# Central Force using Lagrangian

• Jan 19th 2013, 08:19 PM
Kiwi_Dave
Central Force using Lagrangian
I am working through the book "Emmy Noether's Wonderful Theorem" by Dwight Neuenschwander and have a problem with his central force example.

He gives the particle velocity in spherical coordinates as:

$\displaystyle \underline v = \dot r \hat r + r \dot \theta \hat \theta + r \dot \phi sin \theta \hat \phi$

so the Lagrangian

$\displaystyle L = \frac 12 m \underline v . \underline v - U(r) = \frac 12 m (\dot r^2+r^2 \dot \theta ^2 + r \dot \phi ^2 sin^2 \theta)-U(r)$

He then says that using the Euler-Lagrange equations we find P_theta and p_phi are constant. But using the Euler-Lagrange equation gives:

$\displaystyle \dot p_\theta=\frac d{dt}\frac{\partial L}{\partial \dot \theta}=\frac d{dt}mr^2\dot\theta=\frac{\partial L}{\partial \theta} \neq 0$

and

$\displaystyle \dot p_\phi=\frac d{dt}\frac{\partial L}{\partial \dot \phi}=\frac d{dt}mr^2\dot\phi sin^2 \theta=\frac{\partial L}{\partial \phi} = 0$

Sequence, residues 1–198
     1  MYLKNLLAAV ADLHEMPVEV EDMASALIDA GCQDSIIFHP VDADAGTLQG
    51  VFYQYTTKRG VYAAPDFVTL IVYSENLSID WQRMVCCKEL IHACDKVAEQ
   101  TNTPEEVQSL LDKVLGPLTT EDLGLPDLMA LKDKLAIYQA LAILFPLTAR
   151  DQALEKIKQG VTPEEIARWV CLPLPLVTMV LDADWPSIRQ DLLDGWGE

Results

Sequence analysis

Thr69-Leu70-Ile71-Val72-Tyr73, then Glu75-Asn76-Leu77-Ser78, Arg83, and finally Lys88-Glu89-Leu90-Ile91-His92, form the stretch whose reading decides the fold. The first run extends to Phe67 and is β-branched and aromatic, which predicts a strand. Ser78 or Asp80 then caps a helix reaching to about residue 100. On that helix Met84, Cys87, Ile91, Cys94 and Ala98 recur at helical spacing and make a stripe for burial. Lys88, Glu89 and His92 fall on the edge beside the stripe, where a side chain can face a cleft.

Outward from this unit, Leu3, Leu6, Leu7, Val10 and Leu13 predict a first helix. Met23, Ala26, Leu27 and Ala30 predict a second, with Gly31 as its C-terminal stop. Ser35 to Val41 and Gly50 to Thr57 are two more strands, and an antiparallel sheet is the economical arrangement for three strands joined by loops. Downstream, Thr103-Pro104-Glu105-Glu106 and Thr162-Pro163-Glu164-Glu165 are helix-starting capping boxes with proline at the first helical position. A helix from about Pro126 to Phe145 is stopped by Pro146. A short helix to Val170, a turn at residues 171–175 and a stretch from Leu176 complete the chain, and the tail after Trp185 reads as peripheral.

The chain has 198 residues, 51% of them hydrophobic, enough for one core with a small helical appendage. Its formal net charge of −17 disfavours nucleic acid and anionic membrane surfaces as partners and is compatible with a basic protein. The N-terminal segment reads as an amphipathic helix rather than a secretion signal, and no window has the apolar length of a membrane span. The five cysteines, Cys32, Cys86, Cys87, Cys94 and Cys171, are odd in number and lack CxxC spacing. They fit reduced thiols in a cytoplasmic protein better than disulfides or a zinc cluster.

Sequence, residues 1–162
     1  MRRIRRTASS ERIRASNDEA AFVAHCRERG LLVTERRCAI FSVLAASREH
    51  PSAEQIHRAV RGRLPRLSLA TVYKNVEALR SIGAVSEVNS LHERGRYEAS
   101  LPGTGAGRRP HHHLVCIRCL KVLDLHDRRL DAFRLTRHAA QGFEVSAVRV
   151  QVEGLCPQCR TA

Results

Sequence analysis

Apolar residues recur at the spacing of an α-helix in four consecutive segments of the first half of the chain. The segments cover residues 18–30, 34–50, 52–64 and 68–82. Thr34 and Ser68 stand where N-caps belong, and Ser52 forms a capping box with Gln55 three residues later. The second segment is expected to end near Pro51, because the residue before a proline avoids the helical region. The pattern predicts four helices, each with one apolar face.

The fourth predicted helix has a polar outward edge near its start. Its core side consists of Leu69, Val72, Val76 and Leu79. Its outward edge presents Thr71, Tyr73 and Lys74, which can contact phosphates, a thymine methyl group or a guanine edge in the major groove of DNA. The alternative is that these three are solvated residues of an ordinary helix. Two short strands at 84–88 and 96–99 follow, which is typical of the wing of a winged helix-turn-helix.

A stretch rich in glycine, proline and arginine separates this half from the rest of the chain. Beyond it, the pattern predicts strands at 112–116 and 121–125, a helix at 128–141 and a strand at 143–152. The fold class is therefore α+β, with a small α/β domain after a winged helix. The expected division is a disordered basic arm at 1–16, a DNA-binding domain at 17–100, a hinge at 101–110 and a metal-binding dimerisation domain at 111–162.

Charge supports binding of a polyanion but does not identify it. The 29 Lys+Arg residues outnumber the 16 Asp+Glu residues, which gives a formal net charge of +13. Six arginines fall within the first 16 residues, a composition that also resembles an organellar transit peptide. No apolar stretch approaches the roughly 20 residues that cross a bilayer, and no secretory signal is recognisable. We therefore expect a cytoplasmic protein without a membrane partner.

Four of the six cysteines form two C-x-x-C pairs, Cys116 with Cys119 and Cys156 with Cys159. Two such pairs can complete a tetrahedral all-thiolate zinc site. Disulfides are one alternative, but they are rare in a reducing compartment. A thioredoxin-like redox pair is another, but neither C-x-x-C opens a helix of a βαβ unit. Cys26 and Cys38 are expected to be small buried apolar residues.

So it seems to me that P_theta cannot be constant. Even though based on the physics it must be? What am I missing here?
• Mar 22nd 2013, 03:59 PM
bloodnok
Re: Central Force using Lagrangian
Thinking about this problem, and expanding the Lagrangian equation for theta, the RHS is cyclic while the LHS is not. I'm convinced this can only happen if both sides are constant, and this constant can only be zero, since the RHS is zero for theta = pi/2